You can even add nylon or scrubby yarn ( Evidently, there is a whole world of yarn out there that I don’t know about.)to make it more abrasive.

So, I figured I would give it a shot. I enjoyed it so much that I ended up making 4 different types of crochet dishcloths. Most of them were really quick and simple to make.

If you would like to try to make any of these I have included the links to each pattern.

1. Rescued Paw Designs by Krista

Blue and white crochet dishcloth.
Awesome textured dishcloth.

This was the first dishcloth I attempted to make because I thought it would be really easy and quick to work up. However, it took me a little longer to finish than I thought it would.

I had to refresh my memory on the difference between the front loop and back loop of a stitch. It is definitely a pattern for a more advanced beginner crocheter. It has a really nice texture. I can’t wait to see if it has any real scrubbing power.

(I used sugar n cream cotton yarn (White and Bleach Glass) to complete the first three dishcloths.

1.The Blossom Stitch Washcloth by Erica at 5 Little Monsters

Blue crochet dishcloth with a white border.
Beautiful Blossom Stitch

These dishcloths are really beautiful. I haven’t even tried to wash dishes with them yet because I don’t want to mess them up.

The pattern is fairly simple. It consists solely of single crochet, double crochet, and chain stitches. Once you get the pattern down it’s smooth sailing from there.

4. Diagonal Dish Cloths by Olives & Okra

Blue and white striped crochet dishcloth.
Corner to Corner Crochet Dishcloth

I really just wanted to try a corner to corner stitch. It was pretty simple to create considering the only stitch used is a single chain crochet and remembering which loop is the back loop.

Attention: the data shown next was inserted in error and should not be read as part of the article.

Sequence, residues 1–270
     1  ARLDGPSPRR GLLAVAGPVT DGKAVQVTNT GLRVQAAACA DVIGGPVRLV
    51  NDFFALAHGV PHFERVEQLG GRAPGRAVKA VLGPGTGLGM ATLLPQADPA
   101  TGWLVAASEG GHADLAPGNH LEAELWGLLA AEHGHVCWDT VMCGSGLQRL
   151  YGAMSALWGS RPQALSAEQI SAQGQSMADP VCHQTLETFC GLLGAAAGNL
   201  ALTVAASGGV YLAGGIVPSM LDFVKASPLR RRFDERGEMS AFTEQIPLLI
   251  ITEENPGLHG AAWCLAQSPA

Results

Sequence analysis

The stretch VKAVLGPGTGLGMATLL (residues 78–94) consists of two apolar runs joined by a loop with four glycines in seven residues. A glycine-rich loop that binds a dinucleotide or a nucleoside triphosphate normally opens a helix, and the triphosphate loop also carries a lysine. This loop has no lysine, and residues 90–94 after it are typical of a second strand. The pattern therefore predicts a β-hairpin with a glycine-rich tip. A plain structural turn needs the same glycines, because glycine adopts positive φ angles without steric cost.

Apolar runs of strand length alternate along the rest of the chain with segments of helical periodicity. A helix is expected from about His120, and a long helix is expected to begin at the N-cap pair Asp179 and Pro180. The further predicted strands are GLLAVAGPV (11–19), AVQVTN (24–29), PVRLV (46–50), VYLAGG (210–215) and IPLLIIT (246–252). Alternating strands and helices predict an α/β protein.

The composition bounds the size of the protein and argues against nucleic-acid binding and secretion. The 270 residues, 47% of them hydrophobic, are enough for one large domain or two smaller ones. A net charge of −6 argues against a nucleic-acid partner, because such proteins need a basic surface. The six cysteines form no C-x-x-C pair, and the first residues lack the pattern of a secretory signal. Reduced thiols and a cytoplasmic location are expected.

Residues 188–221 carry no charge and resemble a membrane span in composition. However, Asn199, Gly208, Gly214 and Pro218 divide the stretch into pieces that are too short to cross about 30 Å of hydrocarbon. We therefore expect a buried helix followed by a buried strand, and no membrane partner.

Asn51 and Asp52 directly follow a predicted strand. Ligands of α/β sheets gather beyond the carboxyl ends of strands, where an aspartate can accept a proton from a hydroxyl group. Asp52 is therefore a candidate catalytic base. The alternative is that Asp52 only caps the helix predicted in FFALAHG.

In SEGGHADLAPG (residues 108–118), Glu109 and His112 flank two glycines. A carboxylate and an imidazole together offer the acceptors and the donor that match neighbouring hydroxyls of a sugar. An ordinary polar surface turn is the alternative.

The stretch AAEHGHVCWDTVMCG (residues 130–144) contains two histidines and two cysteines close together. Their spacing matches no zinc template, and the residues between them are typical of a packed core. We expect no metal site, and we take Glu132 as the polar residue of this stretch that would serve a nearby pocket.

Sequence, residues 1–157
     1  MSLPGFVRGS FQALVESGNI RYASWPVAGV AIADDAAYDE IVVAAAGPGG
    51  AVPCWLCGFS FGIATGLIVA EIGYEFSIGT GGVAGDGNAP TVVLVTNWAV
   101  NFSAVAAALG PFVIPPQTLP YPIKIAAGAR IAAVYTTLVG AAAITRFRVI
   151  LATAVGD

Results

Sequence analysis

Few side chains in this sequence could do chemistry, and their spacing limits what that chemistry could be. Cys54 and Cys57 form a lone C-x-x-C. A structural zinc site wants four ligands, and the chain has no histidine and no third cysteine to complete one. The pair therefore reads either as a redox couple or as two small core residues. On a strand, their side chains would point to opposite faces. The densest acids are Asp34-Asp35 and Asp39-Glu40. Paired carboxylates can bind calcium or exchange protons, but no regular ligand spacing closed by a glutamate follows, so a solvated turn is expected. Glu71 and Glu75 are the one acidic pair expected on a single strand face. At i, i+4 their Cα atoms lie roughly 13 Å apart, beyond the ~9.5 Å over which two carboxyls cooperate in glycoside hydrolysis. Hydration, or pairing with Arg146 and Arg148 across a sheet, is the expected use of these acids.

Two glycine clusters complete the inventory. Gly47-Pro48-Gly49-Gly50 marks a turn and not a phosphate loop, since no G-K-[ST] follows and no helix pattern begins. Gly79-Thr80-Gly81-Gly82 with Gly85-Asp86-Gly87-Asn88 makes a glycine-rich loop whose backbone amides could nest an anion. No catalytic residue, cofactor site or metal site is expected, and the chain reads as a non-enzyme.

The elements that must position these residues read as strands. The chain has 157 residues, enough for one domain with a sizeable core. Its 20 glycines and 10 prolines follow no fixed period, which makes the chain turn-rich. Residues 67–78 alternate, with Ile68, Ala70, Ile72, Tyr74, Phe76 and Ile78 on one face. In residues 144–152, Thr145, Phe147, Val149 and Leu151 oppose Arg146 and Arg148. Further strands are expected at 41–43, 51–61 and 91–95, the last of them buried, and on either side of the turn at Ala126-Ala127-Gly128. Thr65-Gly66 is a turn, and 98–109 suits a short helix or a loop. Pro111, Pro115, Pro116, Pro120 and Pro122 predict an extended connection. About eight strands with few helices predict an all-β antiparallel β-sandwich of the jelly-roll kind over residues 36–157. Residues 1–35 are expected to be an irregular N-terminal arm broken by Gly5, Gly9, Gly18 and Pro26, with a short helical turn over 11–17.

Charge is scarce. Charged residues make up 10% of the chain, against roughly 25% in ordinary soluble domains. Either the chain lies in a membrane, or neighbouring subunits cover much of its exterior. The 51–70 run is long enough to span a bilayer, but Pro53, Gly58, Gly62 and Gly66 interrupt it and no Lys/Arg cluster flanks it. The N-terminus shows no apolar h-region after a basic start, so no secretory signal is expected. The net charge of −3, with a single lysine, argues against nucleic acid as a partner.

I like the ribbed texture created from this pattern. I wonder how it would turn out if I used alternating rows of cotton yarn and scrubby yarn.

3. Mama’s Wash Cloth by Susan Carlton at the Felted Button

Multicolored crochet dishcloth and towel set.
Mama’s Washcloth gift set.

I enjoyed crocheting this dishcloth. It’s really simple and only uses single and double crochet stitches. I used lily’s sugar and cream cotton yarn (the color is natural stripes) for this pattern.

I liked making it so much that I created a larger one to use as a dish drying towel. The pattern creates a really cute spiked design, but it’s hard to see when you only use one color.

This color combination is really pretty. Instead of keeping them to myself, I gifted the set to my sister-in-law as a housewarming gift.

I can honestly say that I had fun creating these dishcloths. They were simple to create and worked up quickly.

They will definitely make their way into my arsenal of homemade gift ideas. They are way nicer than the dish clothes that I could buy in the store.

Hmmm…as a matter of fact, I might even try to make up my own dishcloth pattern! Just not today.

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Until next time,

The Crafty Afro